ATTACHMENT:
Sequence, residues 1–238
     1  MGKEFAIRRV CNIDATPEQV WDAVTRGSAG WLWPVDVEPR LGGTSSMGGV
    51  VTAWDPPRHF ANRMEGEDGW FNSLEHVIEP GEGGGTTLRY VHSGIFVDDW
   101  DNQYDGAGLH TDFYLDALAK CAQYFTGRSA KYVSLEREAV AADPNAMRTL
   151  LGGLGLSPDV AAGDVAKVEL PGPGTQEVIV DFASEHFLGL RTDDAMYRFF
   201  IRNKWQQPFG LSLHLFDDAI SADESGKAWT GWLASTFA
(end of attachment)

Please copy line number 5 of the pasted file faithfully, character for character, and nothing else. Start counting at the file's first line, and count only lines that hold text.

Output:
   151  LGGLGLSPDV AAGDVAKVEL PGPGTQEVIV DFASEHFLGL RTDDAMYRFF